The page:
Some of President Donald Trump’s immigration campaign promises are inching along and may never be realized. The most notable is his signature issue, the Southwest border wall that is going nowhere fast.

In October, the White House unveiled eight prototypes, but Congress has shown little interest in funding their construction. Rep. Kevin Yoder, R-Kan., chairman of the House Appropriations Committee’s homeland security appropriations subcommittee, recently introduced legislation that would provide $5 billion for 200 miles of “physical barriers and associated technology,” but a long path must be traveled before the bill becomes law.

But on other, less headline-grabbing pledges to reform immigration, especially to tighten up on temporary employment-based visas, Trump is having more success even though the establishment media are slow to report on it.

Effective Sept. 11, U.S. Citizenship and Immigration Services will have authorization to deny, without advising the petitioner, visa applications that in the review process are deemed incomplete or falsified.

Previously, questionable submissions were returned with requests for more information, the so-called RFE (request for evidence), or issued a notice of intent to deny (NOID).

According to a Reuters report, RFEs on H-1B petitions increased 45 percent from Jan. 1 through Aug. 31, 2017, compared to the same period from the previous year.

USCIS’ new policy comes on the heels of recently announced procedures to allow for the more expeditious removal of foreign nationals whose employment authorizations have expired, but who have nevertheless illegally remained in the United States.

The revised guidelines will affect H-1B visa candidates and their sponsors, which include tech giants Microsoft, Google and Apple, among others. Employers are indignant and claim that simple clerical errors that might lead to denied applications or removal create an unstable work environment. Immigration lawyers are equally outraged.

Arguing the coin’s other side, USCIS director L. Francis Cissna said that restoring full authority to his immigration officers “will discourage frivolous filings and skeletal applications used to game the system, ensure our resources are not wasted, and ultimately improve our agency’s ability to efficiently and fairly adjudicate requests for immigration benefits in full accordance with our laws.”

USCIS’ changes represent welcome news for unemployed and displaced American tech workers who have been victimized by H-1B standards that are too loose and have too little federal oversight.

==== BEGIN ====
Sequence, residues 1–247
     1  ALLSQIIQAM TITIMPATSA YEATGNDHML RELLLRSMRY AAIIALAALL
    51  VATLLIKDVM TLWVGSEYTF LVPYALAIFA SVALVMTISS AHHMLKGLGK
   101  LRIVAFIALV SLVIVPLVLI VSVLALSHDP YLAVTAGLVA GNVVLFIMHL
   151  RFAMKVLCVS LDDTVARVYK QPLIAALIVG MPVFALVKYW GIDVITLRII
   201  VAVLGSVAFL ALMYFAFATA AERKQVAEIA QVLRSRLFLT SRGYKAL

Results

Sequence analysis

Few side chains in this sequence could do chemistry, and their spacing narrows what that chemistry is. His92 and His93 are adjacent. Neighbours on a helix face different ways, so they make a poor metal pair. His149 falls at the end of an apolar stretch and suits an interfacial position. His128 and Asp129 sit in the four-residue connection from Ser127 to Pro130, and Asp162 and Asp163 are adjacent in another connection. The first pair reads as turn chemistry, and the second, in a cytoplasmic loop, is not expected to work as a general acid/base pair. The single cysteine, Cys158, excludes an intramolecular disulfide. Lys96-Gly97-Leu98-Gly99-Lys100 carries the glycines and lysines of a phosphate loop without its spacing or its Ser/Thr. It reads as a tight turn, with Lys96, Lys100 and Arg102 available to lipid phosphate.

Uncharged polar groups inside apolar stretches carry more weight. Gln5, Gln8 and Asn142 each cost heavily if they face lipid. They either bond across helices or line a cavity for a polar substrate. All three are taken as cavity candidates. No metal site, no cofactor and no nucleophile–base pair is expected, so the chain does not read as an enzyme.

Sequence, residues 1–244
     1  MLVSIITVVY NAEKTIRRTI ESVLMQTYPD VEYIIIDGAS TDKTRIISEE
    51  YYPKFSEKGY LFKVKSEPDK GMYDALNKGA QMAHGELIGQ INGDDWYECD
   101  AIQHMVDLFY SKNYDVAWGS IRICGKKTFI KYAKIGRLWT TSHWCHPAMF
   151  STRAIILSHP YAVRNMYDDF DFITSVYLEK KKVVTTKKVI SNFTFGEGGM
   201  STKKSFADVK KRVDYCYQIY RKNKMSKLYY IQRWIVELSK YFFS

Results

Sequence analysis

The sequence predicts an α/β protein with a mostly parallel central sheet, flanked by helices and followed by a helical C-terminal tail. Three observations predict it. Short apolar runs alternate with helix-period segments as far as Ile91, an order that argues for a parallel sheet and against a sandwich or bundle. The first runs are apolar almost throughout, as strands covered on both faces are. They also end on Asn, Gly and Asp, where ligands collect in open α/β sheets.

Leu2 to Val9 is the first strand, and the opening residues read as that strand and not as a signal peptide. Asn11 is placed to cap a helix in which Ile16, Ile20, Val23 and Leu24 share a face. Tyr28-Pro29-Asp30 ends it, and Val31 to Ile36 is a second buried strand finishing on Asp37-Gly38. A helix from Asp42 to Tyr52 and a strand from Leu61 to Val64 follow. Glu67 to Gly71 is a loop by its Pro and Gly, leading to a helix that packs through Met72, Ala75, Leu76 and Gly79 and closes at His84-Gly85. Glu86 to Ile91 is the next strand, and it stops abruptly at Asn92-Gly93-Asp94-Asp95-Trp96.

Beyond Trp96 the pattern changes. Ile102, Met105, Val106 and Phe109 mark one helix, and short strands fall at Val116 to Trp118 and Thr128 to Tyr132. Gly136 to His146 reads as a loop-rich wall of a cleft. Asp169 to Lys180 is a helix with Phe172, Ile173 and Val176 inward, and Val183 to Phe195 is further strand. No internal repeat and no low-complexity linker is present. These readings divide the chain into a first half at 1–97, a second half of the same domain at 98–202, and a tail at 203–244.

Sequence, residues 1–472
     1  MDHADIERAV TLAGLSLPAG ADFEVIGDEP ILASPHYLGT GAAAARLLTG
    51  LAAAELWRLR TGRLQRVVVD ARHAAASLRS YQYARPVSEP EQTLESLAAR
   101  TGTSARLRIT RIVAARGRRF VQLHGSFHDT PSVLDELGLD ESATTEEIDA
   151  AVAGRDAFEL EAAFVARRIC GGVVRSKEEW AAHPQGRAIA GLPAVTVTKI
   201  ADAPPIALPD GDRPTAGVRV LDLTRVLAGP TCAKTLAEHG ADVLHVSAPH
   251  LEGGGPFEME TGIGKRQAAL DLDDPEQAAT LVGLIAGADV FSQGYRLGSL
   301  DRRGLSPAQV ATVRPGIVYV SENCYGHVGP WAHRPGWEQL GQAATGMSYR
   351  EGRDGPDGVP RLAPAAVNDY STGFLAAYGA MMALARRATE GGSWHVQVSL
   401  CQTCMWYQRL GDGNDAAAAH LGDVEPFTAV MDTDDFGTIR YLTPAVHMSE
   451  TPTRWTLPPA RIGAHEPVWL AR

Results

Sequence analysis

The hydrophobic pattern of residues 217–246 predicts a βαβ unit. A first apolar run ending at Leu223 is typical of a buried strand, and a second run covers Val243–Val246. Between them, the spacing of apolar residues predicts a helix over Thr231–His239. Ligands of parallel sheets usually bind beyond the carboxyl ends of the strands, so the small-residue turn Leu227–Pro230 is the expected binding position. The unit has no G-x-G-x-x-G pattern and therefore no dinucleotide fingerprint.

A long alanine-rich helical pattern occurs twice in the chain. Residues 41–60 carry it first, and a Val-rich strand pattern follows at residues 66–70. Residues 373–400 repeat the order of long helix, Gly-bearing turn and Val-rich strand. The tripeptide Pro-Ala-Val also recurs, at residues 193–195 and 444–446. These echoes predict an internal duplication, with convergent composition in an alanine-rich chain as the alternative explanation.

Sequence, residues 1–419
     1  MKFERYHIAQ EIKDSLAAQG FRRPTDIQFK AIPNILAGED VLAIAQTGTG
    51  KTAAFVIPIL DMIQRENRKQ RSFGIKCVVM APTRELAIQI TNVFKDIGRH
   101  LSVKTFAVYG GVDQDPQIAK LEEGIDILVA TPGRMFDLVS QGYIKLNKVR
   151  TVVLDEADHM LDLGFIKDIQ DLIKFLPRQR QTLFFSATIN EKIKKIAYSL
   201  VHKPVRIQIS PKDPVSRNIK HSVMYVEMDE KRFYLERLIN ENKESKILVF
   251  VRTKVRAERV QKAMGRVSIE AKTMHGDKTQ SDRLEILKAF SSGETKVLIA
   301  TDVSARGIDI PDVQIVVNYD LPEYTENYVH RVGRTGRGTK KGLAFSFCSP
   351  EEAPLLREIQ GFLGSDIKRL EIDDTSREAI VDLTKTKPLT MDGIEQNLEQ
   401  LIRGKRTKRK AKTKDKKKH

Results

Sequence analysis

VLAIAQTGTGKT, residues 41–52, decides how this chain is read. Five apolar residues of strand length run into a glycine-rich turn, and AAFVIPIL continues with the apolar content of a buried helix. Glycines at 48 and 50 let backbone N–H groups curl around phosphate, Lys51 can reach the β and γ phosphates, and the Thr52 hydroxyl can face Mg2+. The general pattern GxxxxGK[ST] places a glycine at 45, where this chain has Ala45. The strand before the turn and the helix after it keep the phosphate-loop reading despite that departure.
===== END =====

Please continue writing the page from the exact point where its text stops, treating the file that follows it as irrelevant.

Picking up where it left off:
Congress created the H-1B as part of the Immigration Act of 1990 on the premise that the visa would be used exclusively to fill temporary tech worker shortages. The assumption that there may have been an American tech worker shortage, even a temporary one, was unfounded. But during the 3½ decades since the H-1B came into existence, employers have routinely used it as a cheap labor vehicle to displace American workers.

A prime example of the contradiction between employers’ labor shortage laments and reality can be found in a 2016 Business Insider story which noted that HP cut 55,000 jobs between 2012 and 2015, yet filed more than 2,000 labor condition applications for H-1B visas in a four-year period.

Prospective H-1Bs are foreign nationals who aspire to work in the United States for a six-year minimum. Once in America, often with their families, spouses and minor children who are also employment-authorized, they can eventually become lawful permanent residents, and U.S. citizens.

Given the rich rewards that await H-1Bs and their dependents, evermore rigorous USCIS standards are and always will be appropriate.

— Joe Guzzardi is an analyst and researcher with Progressives for Immigration Reform who now lives in Pittsburgh. He can be reached at, or follow him on Twitter: @joeguzzardi19. Click here to read previous columns. The opinions expressed are his own.

Joe Guzzardi is a nationally syndicated columnist writing about immigration and related social issues. A California native who now lives in Pittsburgh, he’s a Progressives for Immigration Reform analyst who can be reached at The opinions expressed are his own.